PHILIP BRIGGSRemote Photography in Africa
What inspired you to get involved with remote photography work?
One day I finally took the plunge and brought a simple hand-drawn sketch to a local carpenter to make an 8ft plank of wood with a base fixed on one end where I strapped the camera. This was then hoisted out of my 4×4 vehicle and placed onto the ground whilst I held onto the plank from inside the car. This gave me great versatility but meant that the animals always had to come to me. In the coming years I developed boxes which I would place in appropriate places and fire with a remote shutter release from a distance.
My initial setup was simple but worked like a charm. Although it needed more protection for the camera. These are my first attempts.
What do you specifically find are the advantages of using these techniques?
What are the disadvantages?
From a technical perspective on location, what are the greatest challenges you have had to overcome?
One of the biggest challenges is not knowing whether the camera will get mauled. I often wonder if I’m completely crazy when I leave an expensive camera and lens out in the open with minimal protection in close proximity to lions. When a curious lion gracefully lifts the camera in its mouth and turns to run 50 metres before dropping it, there is a certain feeling in my gut that I can only associate with falling from a great height. But time and again, the resulting images are worth the damage inflicted.
The smartest trick which I mastered was learning that lions need something to bite onto if they are going to lift something and quite frankly I’d prefer it wasn’t my lens. I developed a raised section on top of the protection box which usually does the trick in allowing the lion to bite the box without harming the camera. Below you can see that my lens – the only exposed element of my gear – is avoiding attention. In the second picture the lioness is walking with the complete box in her mouth!
The equipment used can get quite specialist, ranging from a simple remote system to complex lighting, trip-beams and flashes. How complex do your setups get or do you find keeping it simple is the best approach?
I like to be able to keep my setup simple and compact with minimum technology, but inevitably if I want more control over what’s going on, then I can see the need for more technology being introduced to my system in the future.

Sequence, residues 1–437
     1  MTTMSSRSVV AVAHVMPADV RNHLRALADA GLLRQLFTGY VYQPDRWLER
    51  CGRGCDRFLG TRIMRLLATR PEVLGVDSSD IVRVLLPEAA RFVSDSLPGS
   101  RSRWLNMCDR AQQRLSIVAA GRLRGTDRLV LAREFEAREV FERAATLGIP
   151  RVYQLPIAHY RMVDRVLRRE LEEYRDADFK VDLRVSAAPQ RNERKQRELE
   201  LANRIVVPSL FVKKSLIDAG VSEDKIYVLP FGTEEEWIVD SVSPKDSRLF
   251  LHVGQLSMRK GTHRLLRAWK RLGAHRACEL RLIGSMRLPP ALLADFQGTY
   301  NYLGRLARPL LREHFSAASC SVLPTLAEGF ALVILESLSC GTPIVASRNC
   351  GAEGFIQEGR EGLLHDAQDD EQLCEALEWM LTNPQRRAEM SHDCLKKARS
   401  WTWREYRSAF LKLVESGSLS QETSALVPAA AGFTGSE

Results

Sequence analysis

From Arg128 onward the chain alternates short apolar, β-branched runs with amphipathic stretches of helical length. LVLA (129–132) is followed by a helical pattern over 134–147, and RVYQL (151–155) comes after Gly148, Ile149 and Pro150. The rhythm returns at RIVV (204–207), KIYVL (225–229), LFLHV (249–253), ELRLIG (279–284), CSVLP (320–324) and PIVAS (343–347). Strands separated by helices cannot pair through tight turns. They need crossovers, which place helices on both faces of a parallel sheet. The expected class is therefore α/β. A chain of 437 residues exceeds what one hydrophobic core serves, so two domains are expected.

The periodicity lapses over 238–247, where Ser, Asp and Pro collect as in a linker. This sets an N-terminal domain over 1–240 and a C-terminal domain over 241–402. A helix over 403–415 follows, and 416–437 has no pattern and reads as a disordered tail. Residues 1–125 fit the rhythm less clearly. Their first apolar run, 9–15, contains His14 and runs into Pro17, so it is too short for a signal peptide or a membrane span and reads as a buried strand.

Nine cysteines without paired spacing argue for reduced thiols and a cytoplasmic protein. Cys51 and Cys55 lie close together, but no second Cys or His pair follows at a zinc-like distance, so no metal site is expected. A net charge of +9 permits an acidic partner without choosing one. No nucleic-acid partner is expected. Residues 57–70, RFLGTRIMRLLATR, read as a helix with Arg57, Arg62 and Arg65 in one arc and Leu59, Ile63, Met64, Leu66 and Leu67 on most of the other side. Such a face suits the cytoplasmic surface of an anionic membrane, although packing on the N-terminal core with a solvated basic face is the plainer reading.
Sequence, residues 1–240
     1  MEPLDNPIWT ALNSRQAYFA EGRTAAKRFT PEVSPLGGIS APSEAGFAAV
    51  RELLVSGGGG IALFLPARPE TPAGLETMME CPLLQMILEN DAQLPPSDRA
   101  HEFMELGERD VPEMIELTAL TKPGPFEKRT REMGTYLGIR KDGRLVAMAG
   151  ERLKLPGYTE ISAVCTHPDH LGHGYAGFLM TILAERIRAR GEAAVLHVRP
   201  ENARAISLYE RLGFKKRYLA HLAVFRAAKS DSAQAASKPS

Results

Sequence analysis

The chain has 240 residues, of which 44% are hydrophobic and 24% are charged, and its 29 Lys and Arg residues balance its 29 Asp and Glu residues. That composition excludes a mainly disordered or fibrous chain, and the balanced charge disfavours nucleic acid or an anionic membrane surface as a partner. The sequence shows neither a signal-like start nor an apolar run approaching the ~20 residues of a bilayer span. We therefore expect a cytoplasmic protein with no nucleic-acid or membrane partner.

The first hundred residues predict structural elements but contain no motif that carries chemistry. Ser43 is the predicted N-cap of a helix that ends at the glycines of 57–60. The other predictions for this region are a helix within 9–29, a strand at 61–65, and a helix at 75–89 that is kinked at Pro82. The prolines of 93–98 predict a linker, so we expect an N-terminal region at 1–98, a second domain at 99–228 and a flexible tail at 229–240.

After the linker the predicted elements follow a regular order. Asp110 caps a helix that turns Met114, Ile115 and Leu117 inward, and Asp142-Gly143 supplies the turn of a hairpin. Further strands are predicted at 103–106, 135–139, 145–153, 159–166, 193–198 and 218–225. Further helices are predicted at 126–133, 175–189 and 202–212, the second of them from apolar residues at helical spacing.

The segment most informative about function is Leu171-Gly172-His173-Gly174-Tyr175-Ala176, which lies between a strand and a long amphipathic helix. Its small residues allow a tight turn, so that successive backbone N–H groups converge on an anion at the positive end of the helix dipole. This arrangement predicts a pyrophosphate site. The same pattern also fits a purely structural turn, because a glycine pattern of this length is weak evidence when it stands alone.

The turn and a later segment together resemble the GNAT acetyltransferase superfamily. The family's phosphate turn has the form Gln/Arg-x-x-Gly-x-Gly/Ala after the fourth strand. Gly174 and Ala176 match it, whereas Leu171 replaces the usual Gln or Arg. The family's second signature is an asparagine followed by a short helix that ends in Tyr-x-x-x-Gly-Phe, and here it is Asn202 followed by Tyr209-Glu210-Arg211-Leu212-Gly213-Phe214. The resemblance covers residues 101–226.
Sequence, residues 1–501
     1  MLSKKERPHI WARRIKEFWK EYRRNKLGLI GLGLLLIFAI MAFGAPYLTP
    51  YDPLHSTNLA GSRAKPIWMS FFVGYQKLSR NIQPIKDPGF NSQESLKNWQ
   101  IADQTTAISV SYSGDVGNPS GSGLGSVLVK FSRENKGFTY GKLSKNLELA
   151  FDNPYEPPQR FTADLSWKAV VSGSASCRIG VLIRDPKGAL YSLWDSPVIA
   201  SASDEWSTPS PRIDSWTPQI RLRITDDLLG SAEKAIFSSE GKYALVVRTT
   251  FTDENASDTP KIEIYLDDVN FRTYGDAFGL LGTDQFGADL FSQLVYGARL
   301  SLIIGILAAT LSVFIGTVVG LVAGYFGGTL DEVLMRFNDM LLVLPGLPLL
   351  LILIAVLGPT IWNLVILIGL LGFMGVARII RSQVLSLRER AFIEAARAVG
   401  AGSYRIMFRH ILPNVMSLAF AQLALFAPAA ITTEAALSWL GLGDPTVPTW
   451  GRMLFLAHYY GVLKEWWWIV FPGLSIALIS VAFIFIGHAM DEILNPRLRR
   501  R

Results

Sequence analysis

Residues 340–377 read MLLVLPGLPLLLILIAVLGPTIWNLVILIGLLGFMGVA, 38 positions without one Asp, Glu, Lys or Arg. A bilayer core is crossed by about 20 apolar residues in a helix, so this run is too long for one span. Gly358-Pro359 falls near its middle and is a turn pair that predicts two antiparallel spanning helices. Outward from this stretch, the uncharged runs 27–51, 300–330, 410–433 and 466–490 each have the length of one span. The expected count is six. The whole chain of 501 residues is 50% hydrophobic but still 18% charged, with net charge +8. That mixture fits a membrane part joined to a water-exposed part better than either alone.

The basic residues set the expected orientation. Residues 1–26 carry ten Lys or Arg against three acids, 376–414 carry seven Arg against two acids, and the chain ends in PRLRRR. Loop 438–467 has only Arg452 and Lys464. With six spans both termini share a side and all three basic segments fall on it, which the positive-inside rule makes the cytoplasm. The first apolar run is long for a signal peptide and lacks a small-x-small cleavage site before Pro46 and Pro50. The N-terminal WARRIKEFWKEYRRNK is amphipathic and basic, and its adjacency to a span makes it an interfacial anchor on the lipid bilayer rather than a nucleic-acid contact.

What has been your most successful trap-camera project to date and how long did it take from concept to first successful image?
What’s been your biggest failure, either technically or photographically?
On one occasion I was testing a different focus mode and it failed emphatically – with every image out of focus – mainly due to the focus hunting between the sky and a tree but never finding the subject. The silver lining through, was that one of the lions turned the camera to a different angle (the camera was flipped onto its side and flopped back down to a slightly different view) which resulted in much improved results! It’s a bit embarrassing to think that a lion got better results that day than I did, but alas, you live and learn. See below.
There are those that consider it ‘cheating’ to not physically press the shutter yourself or even be there when the photo is taken. What would you say to that?
Occasionally I get lucky with a setup but I am there pressing the shutter from a distance with a remote so it just feels like I deserve the resulting quality images because of all my preparation.
"I never feel so much in control of what I’m doing with regards to photography than when I’m camera trapping. The only thing that is out of my control is what the animals do and that applies to every type of photography."
Where do you see trap and remote photography going in the future?
More of Philip’s work can be found on his website, where you can also learn more about his current projects, inlcuding Lion Guardians, which works in Kenya and Tanzania. The project is aimed at protecting wild lions which live outside the security of national parks, as well as providing educational and employment opportunities for the Maasai who live in these areas alongside wildlife.
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